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By Olivia LaVecchia
By Monica Alonzo and Stephen Lemons
By Chris Parker
By Michael Lacey
By Weston Phippen
Tempe has released disciplinary information about police officers in the past. But in this case, city officials declined.
Since this was the third go-round with Tempe in less than a year, Bennett and his editor, Jim Ripley, decided to get some expert help. They retained Dan Barr, a Phoenix lawyer considered one of the state's leading attorneys on media and public information issues. KPNX-TV, which also had been turned down by the city, joined them.
"This was just the last straw," Ripley, the Trib's managing editor, says.
Tempe officials at first said the paper couldn't have the records at all because they'd been handed over to Glendale as part of the criminal investigation of Ferrin. That meant the paper couldn't see anything--not even Ferrin's salary.
Tempe's city attorney, Brad Woodford, also said releasing the records would violate the employee's right to privacy. It could affect Tempe's "ability to effectively and efficiently manage its employees," Woodford wrote.
Woodford tells New Times that the city depends on its employees to honestly evaluate their subordinates, and there are things managers won't say if they know other people will find out. The city attorney likens it to "being honest with your spouse--you're honest with them, but there's certainly things you wouldn't want out in public."
Besides, Woodford says, "It's impractical for the public to know what city employees are doing every minute of every day."
Woodford offered to allow the Tribune to see some basic information about Ferrin--including his hire date, salary and position.
Barr didn't buy it. He calls Woodford's rationale the "trains-running-on-time argument."
"When we're talking about a cop who's accused of police brutality, I don't think it's too much to ask what's in his personnel record," Barr says.
Up to this point, the back-and-forth was no different from the fencing almost any media organization goes through when trying to get sensitive public records.
Then the city sued.
Tempe asked the court to declare that the personnel files including "performance evaluations [and] disciplinary reports . . . are not 'public records' and are subject to the individual's constitutional right of privacy."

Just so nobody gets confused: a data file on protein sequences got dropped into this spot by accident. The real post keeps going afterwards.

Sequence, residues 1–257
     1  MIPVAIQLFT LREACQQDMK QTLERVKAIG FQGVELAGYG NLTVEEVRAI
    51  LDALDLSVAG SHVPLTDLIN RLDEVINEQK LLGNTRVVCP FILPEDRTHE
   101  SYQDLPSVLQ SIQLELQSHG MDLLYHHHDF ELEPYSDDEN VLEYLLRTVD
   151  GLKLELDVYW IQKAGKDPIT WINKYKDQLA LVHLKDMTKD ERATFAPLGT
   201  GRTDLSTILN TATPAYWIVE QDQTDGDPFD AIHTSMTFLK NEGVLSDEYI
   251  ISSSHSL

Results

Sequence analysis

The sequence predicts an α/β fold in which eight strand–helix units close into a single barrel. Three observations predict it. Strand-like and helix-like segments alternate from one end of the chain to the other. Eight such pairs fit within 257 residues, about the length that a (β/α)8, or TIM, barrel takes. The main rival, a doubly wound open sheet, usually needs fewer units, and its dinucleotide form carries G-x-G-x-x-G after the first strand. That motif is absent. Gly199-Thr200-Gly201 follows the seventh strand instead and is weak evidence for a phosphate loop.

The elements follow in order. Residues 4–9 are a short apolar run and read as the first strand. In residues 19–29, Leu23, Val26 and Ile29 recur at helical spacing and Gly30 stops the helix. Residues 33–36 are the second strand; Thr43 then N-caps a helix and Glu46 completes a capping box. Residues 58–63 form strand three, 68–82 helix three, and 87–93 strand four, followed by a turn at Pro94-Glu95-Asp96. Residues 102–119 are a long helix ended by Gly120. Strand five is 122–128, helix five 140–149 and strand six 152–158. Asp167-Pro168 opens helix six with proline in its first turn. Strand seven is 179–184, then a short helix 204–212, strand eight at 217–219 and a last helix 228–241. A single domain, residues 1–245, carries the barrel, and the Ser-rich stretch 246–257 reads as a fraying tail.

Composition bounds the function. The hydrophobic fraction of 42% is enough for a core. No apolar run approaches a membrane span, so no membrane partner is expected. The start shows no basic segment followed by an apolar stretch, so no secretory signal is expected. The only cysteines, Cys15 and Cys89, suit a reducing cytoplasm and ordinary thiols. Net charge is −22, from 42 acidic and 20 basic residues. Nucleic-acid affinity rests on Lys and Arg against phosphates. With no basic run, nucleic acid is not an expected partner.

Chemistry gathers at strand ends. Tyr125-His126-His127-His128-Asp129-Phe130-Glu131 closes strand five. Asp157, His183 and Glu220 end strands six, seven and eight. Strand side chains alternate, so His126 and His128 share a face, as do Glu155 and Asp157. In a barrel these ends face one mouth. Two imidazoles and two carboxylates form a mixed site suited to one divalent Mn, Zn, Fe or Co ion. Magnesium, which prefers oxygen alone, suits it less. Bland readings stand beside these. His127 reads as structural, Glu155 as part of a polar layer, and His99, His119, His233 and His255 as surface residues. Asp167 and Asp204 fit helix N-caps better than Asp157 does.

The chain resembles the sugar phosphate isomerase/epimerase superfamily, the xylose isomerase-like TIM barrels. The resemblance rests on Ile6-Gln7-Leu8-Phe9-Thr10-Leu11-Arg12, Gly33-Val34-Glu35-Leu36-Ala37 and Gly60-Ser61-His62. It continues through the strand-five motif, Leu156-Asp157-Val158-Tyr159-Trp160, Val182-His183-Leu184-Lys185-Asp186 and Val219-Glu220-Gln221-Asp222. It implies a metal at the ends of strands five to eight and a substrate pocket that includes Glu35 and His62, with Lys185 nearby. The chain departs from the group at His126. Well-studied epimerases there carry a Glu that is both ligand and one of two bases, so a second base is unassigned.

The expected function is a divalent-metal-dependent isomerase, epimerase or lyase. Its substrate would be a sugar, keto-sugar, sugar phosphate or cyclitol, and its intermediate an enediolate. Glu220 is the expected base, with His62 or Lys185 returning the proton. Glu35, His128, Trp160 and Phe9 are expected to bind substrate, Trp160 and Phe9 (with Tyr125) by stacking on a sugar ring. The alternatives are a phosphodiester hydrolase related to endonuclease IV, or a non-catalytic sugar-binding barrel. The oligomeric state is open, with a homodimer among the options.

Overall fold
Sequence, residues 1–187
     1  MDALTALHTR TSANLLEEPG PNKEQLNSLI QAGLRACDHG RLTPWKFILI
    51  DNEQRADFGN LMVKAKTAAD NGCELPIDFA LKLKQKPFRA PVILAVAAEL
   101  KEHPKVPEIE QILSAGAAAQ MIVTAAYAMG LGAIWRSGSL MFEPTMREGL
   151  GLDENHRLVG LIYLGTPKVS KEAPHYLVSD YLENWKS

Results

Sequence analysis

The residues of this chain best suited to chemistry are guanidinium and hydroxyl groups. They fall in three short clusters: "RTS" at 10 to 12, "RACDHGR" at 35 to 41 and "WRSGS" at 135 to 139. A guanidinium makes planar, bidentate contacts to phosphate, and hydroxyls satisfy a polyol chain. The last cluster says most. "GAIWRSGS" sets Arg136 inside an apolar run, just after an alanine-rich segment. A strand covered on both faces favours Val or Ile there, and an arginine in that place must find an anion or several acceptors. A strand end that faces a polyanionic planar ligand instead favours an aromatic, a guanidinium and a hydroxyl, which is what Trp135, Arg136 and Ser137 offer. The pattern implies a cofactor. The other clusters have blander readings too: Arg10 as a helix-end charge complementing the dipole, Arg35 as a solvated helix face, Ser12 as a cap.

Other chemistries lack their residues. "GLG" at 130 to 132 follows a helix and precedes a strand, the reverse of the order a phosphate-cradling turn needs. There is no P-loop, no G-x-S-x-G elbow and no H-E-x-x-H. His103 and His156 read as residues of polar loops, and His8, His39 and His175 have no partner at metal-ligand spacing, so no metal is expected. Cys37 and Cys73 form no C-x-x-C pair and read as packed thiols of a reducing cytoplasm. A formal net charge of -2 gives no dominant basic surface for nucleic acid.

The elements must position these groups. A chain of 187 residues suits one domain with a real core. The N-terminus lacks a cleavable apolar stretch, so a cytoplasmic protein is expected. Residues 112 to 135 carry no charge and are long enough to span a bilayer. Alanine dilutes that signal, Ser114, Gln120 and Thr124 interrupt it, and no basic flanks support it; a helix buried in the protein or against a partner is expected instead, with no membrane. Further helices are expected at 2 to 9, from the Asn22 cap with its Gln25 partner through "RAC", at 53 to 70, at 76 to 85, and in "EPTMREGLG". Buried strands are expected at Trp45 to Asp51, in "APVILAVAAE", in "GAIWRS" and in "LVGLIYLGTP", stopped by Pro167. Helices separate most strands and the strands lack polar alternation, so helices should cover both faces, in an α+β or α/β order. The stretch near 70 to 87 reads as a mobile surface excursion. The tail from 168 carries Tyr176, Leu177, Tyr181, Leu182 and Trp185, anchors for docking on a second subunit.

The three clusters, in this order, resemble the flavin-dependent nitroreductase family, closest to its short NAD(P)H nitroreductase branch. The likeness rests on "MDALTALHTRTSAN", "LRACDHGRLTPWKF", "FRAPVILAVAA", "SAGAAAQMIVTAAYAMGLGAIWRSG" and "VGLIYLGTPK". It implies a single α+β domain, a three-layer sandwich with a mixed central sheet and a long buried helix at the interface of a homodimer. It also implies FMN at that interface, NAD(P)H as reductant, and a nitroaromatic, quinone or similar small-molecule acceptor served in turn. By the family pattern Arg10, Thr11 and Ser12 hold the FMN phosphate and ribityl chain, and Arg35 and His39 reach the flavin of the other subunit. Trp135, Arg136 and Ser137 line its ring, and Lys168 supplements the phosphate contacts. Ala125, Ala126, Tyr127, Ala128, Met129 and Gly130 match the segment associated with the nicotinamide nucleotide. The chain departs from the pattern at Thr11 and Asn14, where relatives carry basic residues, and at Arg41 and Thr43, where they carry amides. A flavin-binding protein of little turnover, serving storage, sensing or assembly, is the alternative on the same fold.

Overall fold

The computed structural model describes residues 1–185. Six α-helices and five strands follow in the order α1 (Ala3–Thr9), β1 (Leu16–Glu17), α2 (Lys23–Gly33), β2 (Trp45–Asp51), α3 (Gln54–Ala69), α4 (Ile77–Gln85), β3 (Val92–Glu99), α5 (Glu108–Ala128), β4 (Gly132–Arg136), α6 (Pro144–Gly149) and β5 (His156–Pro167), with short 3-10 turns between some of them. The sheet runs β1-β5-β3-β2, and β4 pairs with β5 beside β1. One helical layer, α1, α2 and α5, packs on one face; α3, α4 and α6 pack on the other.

Even Barr says he was surprised by Tempe's action. "We're trying to work this out, and they turn around and sue us," he says.
Lawsuits that attempt to bar media outlets from getting public documents are extremely rare. In part, that's because it's almost always counterproductive to go out and sue the media if you want to keep something quiet, says Ben Bagdikian, a veteran journalist and author.
Fighting public-records requests in court draws more attention to the records, not less. And in most cases, the courts side with the press and the public, so the government agency ends up having to give up the documents anyway.
"The smart units of government release it right away, before they raise the question that they might be covering something up," Bagdikian says.
But if the lawsuit succeeds, there's a big payoff.
"That tells every other jurisdiction, if you have a public record, and the media wants to see it, all you have to do is send your attorney into court, and it's as if there's no public record," Bagdikian says.
Marlene Maerowitz, assistant city attorney for Tempe, says the city was just looking for guidance on the issue from a judge. The Trib was probably going to sue anyway, so Tempe got there first.
"I thought we did a good thing by saying we've reached a stalemate here," she says.
Barr filed a counterclaim against the city, asking the court to compel Tempe to turn over the records. Phoenix Newspapers Inc., parent company of the Arizona Republic, also joined in the action to request Ferrin's records and the files of two other Tempe employees involved in the case of the Tempe jail assault.
By the time Superior Court Judge Linda K. Scott heard the public-records case on August 27, it was down to one basic question: Was there any good reason for Tempe to keep the documents secret?
There is no exemption for city personnel files in the state's public-records law. To keep private records made on public time or with public resources, an agency has to prove that there's a chance of "specific, material harm," according to the law.
The city argued that Tempe's efficiency was a good enough reason to keep the records out of the public's hands.
Maerowitz told the judge that the records must remain private in order to have an "open, deliberative process" between the city's managers and their subordinates.
Barr told Scott that objection still doesn't meet the test.
"We have yet to hear any specifics of how the city will be harmed by releasing these documents," Barr replied. "Instead, we hear about this parade of horribles . . . the public and the media coming into their offices to request these records."
Judge Scott agreed. She ordered the city to turn over the documents on Ferrin.
"In a case where a legitimate issue is before the public, I think that's where the public's right to know outweighs [the employees' privacy]," Scott said.
However, Scott ruled against PNI on the records of the Tempe guard who witnessed the other jailer hit the prisoner. And she said the city did have a legitimate right to protect its employees' privacy.